This is what the Lord says: “You will be in Babylon for seventy years. But then I will come and do for you all the good things I have promised, and I will bring you home again. For I know the plans I have for you,” says the Lord. “They are plans for good and not for disaster, to give you a future and a hope. In those days when you pray, I will listen. If you look for me wholeheartedly, you will find me. I will be found by you,” says the Lord. “I will end your captivity and restore your fortunes. I will gather you out of the nations where I sent you and will bring you home again to your own land.” – Jeremiah 29:10-14 NLT
There was no changing the reality of the destruction of Jerusalem, the exile, and the loss of their land.
But it wasn’t going to be permanent, there was hope seeded into the sadness.
- Likewise, there will be moments of loss and grief for us
- We will experience the pain of injustice
- We’ll sometimes (or often times if you’re like me) have to experience the consequences of our own actions.
But friends, God is at work… He speaks the truth in love… and He’s good… He’s gracious… and He’s Just!
He has given us promises to hold onto, promises that can lead us through.
We can trust God with our future. The closer we grow to know God, the more we want what He has for our lives.
Jeremiah suffered, but it seems the suffering allowed him to fulfill His calling and experience a beautiful closeness with God.
Listen to how Jeremiah honestly summarizes his life:
“I am the man who has seen affliction by the rod of the Lord’s wrath. He has driven me away and made me walk in darkness rather than light; indeed, he has turned his hand against me again and again, all day long. He has made my skin and my flesh grow old and has broken my bones. He has besieged me and surrounded me with bitterness and hardship. He has made me dwell in darkness like those long dead.” Lamentations 3:1-6 NIV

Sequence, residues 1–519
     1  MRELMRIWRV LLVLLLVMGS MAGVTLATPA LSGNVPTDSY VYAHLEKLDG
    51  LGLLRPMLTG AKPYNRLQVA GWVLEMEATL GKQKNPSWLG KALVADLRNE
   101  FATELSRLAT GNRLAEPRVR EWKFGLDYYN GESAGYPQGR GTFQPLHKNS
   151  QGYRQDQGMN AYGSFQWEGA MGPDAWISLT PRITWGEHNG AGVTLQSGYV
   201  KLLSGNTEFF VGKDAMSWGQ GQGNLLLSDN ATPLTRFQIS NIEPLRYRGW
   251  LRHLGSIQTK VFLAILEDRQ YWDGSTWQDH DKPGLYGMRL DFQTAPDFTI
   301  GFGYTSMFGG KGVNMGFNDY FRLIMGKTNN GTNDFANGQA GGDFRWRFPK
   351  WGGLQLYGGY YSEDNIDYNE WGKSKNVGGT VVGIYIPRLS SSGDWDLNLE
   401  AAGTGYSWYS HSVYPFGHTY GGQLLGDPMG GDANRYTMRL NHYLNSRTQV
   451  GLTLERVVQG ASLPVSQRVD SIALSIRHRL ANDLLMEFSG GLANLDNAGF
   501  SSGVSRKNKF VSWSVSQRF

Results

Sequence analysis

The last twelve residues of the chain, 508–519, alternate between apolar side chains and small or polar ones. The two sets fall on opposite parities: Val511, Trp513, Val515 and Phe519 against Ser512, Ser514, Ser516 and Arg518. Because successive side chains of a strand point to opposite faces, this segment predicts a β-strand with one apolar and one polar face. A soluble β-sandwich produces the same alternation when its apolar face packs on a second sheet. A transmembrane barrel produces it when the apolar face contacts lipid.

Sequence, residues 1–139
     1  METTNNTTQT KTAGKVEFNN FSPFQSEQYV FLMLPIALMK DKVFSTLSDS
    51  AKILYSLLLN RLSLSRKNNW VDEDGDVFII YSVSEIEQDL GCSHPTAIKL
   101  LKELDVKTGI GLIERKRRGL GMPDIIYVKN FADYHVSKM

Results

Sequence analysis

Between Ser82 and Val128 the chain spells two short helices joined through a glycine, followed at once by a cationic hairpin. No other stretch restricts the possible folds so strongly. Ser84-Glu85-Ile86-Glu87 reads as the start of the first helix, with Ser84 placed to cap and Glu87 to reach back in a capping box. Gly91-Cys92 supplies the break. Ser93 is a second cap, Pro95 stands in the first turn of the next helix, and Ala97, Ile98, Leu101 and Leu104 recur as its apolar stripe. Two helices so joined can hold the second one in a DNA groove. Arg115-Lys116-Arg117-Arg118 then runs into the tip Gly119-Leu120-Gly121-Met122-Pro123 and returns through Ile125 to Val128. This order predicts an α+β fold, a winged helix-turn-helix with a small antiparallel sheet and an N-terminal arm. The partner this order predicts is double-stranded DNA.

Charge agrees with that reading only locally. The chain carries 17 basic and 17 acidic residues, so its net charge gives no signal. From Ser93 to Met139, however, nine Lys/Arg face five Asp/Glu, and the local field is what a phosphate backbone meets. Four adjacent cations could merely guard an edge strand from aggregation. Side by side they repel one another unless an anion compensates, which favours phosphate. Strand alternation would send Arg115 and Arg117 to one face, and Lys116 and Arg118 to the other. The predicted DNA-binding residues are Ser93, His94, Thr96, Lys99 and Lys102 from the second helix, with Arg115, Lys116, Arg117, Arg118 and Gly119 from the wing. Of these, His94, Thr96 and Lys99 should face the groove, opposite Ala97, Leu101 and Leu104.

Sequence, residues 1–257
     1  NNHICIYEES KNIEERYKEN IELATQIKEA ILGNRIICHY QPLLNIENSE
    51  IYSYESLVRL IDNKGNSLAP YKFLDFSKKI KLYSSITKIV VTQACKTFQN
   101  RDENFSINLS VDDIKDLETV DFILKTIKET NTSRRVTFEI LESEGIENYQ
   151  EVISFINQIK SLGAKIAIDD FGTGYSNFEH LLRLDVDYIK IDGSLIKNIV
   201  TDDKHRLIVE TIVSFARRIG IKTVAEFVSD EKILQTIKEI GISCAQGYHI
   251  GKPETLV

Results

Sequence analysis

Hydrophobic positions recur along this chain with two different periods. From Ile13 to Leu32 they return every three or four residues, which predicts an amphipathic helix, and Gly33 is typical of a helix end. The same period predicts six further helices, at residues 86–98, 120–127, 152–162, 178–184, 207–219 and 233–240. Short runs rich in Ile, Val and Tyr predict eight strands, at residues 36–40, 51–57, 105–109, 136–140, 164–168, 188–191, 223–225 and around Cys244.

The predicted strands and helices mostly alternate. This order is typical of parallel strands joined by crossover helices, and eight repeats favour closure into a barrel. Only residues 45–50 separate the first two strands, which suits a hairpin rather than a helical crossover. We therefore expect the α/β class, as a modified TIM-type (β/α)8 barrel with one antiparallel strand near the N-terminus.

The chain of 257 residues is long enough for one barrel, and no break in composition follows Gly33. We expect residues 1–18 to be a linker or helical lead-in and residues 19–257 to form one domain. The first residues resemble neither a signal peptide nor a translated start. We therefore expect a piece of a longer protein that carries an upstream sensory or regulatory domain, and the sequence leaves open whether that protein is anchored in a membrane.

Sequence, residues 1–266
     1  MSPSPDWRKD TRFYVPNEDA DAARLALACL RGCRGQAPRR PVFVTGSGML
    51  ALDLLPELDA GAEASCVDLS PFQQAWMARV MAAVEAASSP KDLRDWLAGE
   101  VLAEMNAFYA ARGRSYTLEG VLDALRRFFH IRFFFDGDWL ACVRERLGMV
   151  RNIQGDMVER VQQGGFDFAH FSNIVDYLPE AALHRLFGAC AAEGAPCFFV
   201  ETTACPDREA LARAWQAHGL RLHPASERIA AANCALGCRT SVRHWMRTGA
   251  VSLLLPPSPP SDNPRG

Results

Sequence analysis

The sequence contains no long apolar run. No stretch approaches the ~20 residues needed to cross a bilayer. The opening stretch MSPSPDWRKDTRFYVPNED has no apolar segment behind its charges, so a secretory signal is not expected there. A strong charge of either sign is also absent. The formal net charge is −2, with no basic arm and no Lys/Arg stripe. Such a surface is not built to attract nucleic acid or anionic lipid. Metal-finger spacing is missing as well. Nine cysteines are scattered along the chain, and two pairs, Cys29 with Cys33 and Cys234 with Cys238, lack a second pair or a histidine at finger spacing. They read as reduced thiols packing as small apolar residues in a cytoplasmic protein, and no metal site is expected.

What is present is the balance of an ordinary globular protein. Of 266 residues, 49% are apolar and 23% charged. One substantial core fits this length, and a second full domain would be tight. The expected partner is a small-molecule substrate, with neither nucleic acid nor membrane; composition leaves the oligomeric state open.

That all sounds terrible! Jeremiah has such a high view of God’s sovereignty- His control – that rather than saying the kinder “God has allowed all this to happen” Jeremiah accepts this was his lot in life.
Listen to the level of trust and hope Jeremiah has in God’s goodness and loving kindness. He continues:
“Because of the Lord’s great love we are not consumed, for his compassions never fail. They are new every morning; great is your faithfulness. I say to myself, “The Lord is my portion; therefore I will wait for him.” The Lord is good to those whose hope is in him, to the one who seeks him; it is good to wait quietly for the salvation of the Lord.”
Lamentations 3:22-26 NIV
Are you stuck in the beginning of that passage or has your faith grown to see the presence of God even in the midst of your pain so that you can point to how good He is!
I’ve been through pain and I’ve experienced loss, and I still hurt and still mourn for those moments and those people in my life but I am grateful. For in those experiences I know God was with me and with those I love. I know He can be trusted for He is good and loving. In fact, you could almost consider His love to be reckless. His love drove Him to the cross to die for you and me and even now He pursues us.
So how do we know?
God pursues us in the following ways:
- Circumstances – a line in a film, a lyric in a song.
- Answers to prayer.
- A follower of Jesus gives you something to read or listen to because he or she was praying for you and that idea came to mind.
It’s incredible to me that so much of the Hebrew Scriptures are filled with people pondering and asking the same question that so many of us have, today: “What is God Like?”
So what does God do in response to that question? He comes to rescue us, and His name is Jesus.
Then people in Jesus’ day are asking Him the same question… “What is God like?
And Jesus says, “you want to know what God is like?”
- He’s like a shepherd who has 100 sheep…
- He’s like a woman who loses a coin…
- He’s like a father who has two sons…
If you want to know what God is like… we look to Jesus, whose love drove Him to the cross to die for you and me and even now He pursues us.
No matter how far from God you might feel today… no matter what you’ve done… or could ever do… IN HIS LOVE, God is pursuing you!
Like a shepherd willing to leave the 99 sheep in the pen to go searching for the one who is missing.
God never promised we would not have difficult times.
He promised He’d never leave us or forsake us.